Creating a safe working environment for employees goes beyond training these days, relying on technology to fill in the gaps where human instinct might fail. Technology has already made an impact on worker safety and is likely a factor in reducing workplace injuries and illnesses from 10.9 incidents per 100 workers in 1972 to 3.0 per 100 in 2015, and deaths from about 38 worker deaths a day in 1970 to 13 a day in 2015, according to OSHA.
But as far as businesses have come in the last 40 years in regards to safety, more can still be done.
While proper training in safety procedures is crucial, so is ensuring that workers are equipped with the right tools to communicate effectively in an emergency situation to mitigate negative outcomes. According to the Pew Research Center, approximately 95 percent of Americans now own a cell phone of some type and more than one-third own a smartphone. While these devices provide many conveniences, in emergency situations they remain highly limited, especially in workplaces that do not allow personal phones on job or that have poor reception due to building structures.
For example, a cell phone is not able to detect if someone slipped on a spill, caught a limb in a piece of machinery or experienced one of the thousands of other emergencies that can occur on the job. With a cell phone the user is still required to be conscious and within range of the phone to be able to make a call for help. In the case of mobile workers and lone workers, cell phones are not the most reliable or function-rich options for tracking and monitoring employee safety and health. Additionally, in the case where a lone worker is confronted by a hostile third party, the cell phone is the first item often taken so as to prevent a call for help.
A better solution than relying on cell phones for emergency communication are easily worn devices (i.e., wearables or wearable devices) that automatically report changes that could indicate an emergency. Or a device that a worker could easily utilize to express the need for help without having to speak or make much of a movement.
Fueled greatly by consumers’ rapidly adopting fitness trackers and smart watches, the global wearables market is expected to reach a value of $19 billion in 2018. But businesses can also have great impact on this evolving space. Already there are products like smart hard harts, smart safety vests, smart eyewear and even stick-on patches that can monitor everything from an employee’s location to body temperature and positioning. These devices eliminate the need for a worker to proactively report an emergency, but like cell phones they have their limitations as well.
No direct line of communication
For example, while the devices are able to transmit certain information about a situation to a manager or human resources department, they do not create a direct line of communication between the worker and responder. If verbal communication is possible in the emergency situation, the worker would still need to place a call on a phone.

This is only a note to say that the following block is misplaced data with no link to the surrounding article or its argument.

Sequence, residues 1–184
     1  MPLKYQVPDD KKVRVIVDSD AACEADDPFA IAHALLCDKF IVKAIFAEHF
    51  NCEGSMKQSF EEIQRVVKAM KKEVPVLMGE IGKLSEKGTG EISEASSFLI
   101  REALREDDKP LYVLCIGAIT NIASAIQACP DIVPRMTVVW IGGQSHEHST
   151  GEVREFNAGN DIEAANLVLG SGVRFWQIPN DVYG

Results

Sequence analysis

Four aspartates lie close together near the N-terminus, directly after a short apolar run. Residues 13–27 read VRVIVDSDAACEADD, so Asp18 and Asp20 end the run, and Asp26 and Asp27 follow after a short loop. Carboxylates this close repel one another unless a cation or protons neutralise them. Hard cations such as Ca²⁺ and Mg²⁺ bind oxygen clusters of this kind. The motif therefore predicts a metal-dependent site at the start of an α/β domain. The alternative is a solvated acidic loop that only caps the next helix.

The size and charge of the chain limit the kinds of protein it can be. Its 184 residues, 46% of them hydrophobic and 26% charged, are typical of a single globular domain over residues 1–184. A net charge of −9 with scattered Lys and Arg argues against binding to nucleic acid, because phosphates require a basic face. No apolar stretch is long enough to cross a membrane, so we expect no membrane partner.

A better option would be mPERS devices similar to those used by seniors for years. Essentially, a help button that can be pressed after a fall to alert emergency responders that assistance is needed. These types of technologies have become more beneficial because they no longer require a base station device to place calls, limiting their range of use.
Like other wearables, mPERS devices are small and lightweight. They provide state-of-the-art location technologies, and also offer built-in fall advisory capabilities. Wearables with this type of functionality are able to detect horizontal and vertical movement. But they take safety a step further than simply reporting a fall on the job via a text message or red flag in a software system. mPERS devices can also eliminate the need for the worker to initiate a call for help. Instead, they can trigger one automatically. And cloud-based technologies make it possible for central stations to immediately respond to the call for help.
Another benefit of mPERS devices over cell phones is long battery life. Unlike phones that sometimes have to be charged multiple times a day, mPERS devices have fewer functions and do not need to be fully functional at all times. They can be left off or essentially in a hibernation mode until the SOS button on the device is pressed. Once this action occurs, location information can be sent to a central reporting destination and an emergency call can be placed. This enables mPERS devices to have battery lives of up to 30 days on one charge.
Whatever wearable device makes the most sense for a particular company, the most important factor is that business owners and managers take advantage of these new technologies that can save lives and improve the safety and health of their employees.